NFL Combine Position Drills: Defensive Back

NFL Combine Position Drills

In a football scoreboards feature, I have continued my review of the combine drill. The final group of athletes to work out every year at the combine is the defensive backs. Out of all the drills for defensive backs, the favorite of the coaches at the combine is the “speed turn” drill.

What Happens In The Drill?
A coach will start a defensive back at a back paddle, which is the basis for everything a defensive back does. The coach starts the defensive back at a back paddle of 5 – 10 yards, and then (the coach) will motion the athlete to comeback towards him. Therefore, the athlete is changing directions during his paddle. He moves towards the coach and then the coach gives the athlete a speed turn direction. This simulation emulates a scenario much like in a man-to-man play. This is a double move in which the athlete will have to plant, pivot, keep his weight and hips down, turn and go. This leaves the athlete’s back completely to the quarterback, like it would be in a speed turn in man-to-man. At approximately 15 to 20 yards, as the athlete is running, he has to turn around and locate the football.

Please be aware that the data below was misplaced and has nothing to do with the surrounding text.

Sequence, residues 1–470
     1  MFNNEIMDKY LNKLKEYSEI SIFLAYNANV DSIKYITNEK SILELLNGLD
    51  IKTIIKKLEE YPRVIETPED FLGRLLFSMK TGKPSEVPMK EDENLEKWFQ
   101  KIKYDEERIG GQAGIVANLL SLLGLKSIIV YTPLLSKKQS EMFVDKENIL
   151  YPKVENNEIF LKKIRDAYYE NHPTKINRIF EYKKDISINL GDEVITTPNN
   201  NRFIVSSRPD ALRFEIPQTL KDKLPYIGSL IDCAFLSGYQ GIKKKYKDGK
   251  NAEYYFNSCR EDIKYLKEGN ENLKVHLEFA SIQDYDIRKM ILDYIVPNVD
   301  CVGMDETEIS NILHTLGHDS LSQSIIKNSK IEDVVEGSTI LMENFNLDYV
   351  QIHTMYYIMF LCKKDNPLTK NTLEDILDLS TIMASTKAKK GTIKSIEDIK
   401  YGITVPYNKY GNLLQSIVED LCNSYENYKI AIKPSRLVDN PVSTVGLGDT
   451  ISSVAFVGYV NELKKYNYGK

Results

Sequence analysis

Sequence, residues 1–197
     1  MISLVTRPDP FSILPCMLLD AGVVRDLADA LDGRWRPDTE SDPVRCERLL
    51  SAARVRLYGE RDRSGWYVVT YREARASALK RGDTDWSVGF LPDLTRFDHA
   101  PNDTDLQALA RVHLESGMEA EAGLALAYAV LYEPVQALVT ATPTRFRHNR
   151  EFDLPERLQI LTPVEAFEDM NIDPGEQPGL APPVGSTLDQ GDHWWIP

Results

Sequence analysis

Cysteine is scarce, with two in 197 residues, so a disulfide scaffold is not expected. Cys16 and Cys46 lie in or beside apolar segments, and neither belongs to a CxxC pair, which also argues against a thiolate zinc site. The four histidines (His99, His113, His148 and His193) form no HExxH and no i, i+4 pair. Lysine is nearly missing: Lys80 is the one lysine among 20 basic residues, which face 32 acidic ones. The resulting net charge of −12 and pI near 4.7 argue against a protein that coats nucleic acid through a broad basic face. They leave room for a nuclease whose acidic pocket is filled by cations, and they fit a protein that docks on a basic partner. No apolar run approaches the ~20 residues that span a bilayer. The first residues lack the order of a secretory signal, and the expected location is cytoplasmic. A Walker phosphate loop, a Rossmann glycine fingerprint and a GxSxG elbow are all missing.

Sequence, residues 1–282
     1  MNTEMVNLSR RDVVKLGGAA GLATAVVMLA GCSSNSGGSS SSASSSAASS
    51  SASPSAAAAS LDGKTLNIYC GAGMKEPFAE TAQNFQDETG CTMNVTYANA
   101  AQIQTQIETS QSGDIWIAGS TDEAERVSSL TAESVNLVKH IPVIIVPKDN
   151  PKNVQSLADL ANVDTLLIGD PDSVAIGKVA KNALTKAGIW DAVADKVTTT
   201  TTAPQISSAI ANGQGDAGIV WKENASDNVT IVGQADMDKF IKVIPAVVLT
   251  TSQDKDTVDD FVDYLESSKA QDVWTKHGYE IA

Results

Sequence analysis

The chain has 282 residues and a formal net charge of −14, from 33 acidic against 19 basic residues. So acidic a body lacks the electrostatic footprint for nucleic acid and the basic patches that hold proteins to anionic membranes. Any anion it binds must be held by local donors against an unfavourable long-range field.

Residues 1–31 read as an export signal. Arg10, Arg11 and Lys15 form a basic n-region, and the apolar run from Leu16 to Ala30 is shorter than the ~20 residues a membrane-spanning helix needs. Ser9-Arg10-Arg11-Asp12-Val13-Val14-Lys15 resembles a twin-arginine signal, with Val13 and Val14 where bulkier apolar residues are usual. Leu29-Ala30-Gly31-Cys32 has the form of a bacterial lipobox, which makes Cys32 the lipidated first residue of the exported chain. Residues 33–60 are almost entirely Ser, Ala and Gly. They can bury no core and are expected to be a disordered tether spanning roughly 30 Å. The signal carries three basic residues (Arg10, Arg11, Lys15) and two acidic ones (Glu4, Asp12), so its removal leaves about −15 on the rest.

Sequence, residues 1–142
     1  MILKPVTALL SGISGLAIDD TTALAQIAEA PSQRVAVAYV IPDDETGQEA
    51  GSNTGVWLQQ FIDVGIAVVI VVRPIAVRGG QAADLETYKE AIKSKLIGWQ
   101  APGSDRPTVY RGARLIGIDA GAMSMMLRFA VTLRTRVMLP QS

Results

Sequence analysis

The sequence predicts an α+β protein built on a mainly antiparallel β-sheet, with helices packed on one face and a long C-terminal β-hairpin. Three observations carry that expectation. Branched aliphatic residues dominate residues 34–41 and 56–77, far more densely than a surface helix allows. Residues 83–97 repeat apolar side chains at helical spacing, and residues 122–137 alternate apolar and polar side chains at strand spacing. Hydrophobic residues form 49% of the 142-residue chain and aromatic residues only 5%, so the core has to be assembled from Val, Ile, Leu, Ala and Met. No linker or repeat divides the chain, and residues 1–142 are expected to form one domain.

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Football Drills for the Defensive Lineman

Defensive Line Drills

  • The defensive lineman makes contact with the opponent every time he is on the field. His physically demanding position requires tremendous focus, as he is always in the middle of the action
  • According to football drills expert Tom Bass, defensive line drills should emphasize taking the proper stance, moving on the ball, defeating blocks and separating from blocks, and rushing the quarterback
  • Defensive line drills can incorporate tackling drills and agility drills

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